The new job is pretty swell. Since many phish sites come about because an administrator password was easy to guess and the contents were put into an innocuous-sounding or already-existing directory which one wouldn't think to go into (like "photos"), it's usually pretty easy to get in touch with the host site's owner to say "someone hacked your site and stuck garbage in it" and they'll gladly remove the garbage (and hopefully change their login password). They aren't always as simple, but I'll learn how to take on the international only-for-phishing-purposes domains shortly. I've been there a week and already a new person has started training, and there will be another newby next week as well. My work schedule qualifies as a stupidity: I start at 9:30am weekdays this week, but it'll be 7:30am for the rest of the month (I AM NOT A MORNING PERSON!), then through April I will work 2pm-midnight on Monday through Thursdays (yaaay!) and in May it will be Friday through Mondays (booo!). The reasoning for what we called a "weekend power shift" at a previous job was because the busy days are Sunday through Tuesday, so with the week parsed like this it means everyone gets two days of heavy load and two days of lighter load. That's understandable. Not having even one weekend day free, though, that's a bother, but I'm told that swapping when there's a need (and advanced notice) shouldn't be too hard. Especially in a company of 20 employees.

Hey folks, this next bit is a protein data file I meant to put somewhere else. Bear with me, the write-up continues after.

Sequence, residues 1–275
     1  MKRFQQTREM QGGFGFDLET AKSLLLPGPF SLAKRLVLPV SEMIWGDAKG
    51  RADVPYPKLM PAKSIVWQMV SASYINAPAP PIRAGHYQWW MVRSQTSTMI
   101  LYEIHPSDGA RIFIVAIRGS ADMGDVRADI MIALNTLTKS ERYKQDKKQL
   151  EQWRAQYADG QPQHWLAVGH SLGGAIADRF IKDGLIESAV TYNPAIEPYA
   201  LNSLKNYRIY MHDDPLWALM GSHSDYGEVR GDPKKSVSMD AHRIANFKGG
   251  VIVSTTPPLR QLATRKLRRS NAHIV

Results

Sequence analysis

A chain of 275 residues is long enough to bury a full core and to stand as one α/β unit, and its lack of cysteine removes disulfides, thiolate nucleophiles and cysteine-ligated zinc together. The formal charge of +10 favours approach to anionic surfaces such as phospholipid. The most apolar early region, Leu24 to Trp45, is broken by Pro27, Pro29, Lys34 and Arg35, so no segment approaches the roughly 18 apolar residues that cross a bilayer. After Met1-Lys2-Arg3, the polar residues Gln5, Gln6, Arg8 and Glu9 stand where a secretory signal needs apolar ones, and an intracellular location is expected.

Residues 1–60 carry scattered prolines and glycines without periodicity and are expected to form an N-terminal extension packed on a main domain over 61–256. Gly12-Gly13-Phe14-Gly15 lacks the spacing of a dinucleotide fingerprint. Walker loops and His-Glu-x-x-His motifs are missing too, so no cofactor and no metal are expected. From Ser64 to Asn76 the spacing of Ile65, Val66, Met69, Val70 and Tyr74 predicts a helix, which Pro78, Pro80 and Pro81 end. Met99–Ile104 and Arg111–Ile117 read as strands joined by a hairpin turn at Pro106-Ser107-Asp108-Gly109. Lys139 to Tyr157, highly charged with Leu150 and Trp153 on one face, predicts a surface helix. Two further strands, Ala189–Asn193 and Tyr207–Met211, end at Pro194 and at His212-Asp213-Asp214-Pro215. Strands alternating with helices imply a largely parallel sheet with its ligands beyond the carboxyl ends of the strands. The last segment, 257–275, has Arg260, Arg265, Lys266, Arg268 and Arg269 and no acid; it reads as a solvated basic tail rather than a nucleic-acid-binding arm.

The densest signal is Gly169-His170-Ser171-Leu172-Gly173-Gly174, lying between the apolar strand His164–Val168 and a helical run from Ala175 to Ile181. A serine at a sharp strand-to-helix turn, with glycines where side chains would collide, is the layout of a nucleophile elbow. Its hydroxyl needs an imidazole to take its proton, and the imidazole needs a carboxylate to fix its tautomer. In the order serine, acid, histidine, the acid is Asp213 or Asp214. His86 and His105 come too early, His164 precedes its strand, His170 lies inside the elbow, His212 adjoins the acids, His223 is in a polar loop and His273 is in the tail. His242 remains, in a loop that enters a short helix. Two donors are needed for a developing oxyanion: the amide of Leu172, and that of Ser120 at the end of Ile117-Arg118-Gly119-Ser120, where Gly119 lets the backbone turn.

Sign seen in a Puyallup antiques dealer: Untended children will be given a free espresso and a puppy.

Friday, March 02, 2007

How Mushy Got His Groove Back